24 April 2014
THE SHORT ANSWER (TSA)
A native of the Pacific Coast of the United States and Mexico, the Valley Carpenter Bee (formally, xylocopa varipuncta) is one of several species of Carpenter bees native to North America. The “valley” female is black, but the male stands out with his yellow color and green eyes. Like all carpenter bees, the “valley” looks furry like a bumblebee. But, unlike a bumble bee, the “valley” has a bare, shiny spot on its upper stomach.
Although all bees are social, the carpenter, like the bumble bee, is the nearest thing to a “loner” bee. When searching for flowers, these bees don’t fly in groups. A single bee will fly alone wandering (“foraging”) from flower to flower gathering pollen and eating nectar. The “valley” likes “yellow composite flowers” such as the Aster, Daisy or Sunflower (members of the Asteraceae family).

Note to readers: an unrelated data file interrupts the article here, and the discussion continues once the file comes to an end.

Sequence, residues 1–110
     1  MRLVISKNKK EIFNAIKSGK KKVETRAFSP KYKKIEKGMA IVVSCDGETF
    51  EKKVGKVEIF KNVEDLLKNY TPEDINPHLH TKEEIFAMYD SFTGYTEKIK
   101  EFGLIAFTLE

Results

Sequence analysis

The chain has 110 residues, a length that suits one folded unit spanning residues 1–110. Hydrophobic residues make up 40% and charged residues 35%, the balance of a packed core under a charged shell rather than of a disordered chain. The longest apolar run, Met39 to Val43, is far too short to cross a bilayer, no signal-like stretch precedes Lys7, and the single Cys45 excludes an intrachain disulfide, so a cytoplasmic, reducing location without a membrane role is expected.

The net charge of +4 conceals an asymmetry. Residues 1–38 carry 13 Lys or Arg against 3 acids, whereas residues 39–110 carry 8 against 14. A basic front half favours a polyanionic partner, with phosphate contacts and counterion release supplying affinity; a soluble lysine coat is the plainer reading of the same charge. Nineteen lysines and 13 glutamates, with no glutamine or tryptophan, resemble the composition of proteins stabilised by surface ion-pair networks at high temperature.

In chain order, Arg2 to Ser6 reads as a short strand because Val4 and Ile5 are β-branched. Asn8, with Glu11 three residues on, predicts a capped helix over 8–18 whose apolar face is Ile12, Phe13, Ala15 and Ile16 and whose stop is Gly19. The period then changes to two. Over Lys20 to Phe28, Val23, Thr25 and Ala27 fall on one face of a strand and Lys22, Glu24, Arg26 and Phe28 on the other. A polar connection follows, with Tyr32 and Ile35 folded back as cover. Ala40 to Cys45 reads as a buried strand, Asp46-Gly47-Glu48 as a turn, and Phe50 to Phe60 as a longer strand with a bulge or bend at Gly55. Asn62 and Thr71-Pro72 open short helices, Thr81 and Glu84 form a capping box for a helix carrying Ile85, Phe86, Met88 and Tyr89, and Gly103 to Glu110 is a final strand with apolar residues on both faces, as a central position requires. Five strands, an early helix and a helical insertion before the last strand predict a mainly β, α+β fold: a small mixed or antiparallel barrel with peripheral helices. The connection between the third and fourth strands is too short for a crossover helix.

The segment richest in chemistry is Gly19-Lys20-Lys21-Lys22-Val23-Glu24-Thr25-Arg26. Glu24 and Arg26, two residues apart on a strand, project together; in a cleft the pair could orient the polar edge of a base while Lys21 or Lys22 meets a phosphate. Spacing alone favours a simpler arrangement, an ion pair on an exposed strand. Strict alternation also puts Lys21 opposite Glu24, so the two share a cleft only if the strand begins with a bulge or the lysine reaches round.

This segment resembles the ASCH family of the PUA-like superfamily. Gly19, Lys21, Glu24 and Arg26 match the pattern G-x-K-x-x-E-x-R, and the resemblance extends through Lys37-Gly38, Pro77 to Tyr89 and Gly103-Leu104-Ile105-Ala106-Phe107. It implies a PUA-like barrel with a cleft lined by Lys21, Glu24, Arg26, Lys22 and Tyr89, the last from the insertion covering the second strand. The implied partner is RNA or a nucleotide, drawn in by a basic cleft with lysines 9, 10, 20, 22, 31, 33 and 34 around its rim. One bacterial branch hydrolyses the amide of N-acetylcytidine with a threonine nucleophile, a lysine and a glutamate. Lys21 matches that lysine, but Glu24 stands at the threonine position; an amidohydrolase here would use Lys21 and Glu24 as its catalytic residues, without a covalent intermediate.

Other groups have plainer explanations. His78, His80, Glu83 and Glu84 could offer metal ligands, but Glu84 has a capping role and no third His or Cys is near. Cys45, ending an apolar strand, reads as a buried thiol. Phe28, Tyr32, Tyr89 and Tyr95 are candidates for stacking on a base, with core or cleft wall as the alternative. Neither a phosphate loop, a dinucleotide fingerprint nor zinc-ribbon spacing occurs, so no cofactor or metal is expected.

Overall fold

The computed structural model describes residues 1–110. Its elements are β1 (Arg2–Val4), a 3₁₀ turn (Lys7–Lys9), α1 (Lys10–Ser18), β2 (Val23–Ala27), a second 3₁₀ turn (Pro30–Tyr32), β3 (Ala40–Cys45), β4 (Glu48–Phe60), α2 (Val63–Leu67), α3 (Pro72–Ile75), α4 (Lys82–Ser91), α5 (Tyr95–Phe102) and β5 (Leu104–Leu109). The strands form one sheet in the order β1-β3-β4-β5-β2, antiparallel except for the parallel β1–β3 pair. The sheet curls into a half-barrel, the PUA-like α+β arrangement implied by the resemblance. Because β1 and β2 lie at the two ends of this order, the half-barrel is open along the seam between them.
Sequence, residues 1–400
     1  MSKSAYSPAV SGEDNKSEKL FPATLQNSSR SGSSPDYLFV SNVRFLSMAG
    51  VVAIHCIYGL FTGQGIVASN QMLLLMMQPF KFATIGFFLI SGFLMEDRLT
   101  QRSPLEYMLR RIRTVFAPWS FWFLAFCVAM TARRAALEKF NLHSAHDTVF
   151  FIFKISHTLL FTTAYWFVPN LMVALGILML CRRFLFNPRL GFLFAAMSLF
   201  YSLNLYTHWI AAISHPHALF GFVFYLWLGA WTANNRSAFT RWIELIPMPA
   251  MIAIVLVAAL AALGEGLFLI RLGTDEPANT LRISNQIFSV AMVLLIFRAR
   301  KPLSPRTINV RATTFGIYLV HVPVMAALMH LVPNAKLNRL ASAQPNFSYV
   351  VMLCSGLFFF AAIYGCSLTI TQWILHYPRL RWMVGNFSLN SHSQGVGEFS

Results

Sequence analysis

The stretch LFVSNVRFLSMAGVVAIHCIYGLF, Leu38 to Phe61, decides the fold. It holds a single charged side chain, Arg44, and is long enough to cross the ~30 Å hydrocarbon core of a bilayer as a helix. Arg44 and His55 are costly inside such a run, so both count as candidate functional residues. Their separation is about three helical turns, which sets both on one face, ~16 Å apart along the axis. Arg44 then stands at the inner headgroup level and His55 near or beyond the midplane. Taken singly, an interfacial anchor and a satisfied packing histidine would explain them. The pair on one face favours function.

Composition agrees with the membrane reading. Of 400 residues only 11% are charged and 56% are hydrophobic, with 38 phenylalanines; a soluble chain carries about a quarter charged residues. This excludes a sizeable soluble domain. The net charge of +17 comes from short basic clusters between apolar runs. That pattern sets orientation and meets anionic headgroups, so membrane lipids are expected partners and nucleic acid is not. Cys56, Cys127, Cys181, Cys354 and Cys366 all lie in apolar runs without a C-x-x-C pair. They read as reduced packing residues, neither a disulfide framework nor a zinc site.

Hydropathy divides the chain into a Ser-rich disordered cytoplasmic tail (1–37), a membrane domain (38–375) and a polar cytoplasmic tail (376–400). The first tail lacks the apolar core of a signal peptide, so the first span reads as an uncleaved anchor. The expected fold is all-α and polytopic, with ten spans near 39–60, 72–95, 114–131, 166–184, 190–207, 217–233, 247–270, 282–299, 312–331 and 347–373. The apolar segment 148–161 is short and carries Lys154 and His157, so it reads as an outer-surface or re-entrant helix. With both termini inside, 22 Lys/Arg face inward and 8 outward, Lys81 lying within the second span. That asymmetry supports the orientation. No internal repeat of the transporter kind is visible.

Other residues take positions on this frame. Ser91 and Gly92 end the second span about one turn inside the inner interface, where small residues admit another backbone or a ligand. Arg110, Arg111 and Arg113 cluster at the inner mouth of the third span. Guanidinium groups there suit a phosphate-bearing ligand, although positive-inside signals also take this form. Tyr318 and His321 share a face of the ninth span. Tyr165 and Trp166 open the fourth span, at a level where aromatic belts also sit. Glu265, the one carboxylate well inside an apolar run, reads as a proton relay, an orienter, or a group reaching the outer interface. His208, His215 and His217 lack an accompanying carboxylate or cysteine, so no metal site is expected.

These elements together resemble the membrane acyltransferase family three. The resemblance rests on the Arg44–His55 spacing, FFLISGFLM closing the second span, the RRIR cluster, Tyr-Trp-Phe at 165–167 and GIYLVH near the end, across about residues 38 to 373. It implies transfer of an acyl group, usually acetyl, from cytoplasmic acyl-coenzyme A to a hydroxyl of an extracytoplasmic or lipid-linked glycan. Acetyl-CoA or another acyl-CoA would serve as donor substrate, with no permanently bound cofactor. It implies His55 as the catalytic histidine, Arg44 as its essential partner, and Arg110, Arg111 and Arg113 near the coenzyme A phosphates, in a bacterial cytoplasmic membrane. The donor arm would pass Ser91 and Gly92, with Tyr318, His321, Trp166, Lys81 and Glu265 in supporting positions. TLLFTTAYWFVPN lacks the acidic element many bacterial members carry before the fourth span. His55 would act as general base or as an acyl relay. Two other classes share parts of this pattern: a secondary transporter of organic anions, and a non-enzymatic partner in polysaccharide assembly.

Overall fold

These bees are called “carpenters” because they hollow out spaces in wood to build their nests. “Valley’s” like to locate their nests in old agave stalks or any rotting limb (soft wood). They’ve been known to build nests in telephone poles. But they avoid painted or stained wood.
Valley’s share North America with several other species of carpenter bees. They are easy to confuse with the bumble bee, but carpenters stand out as much larger than the small honey bees that live in hives.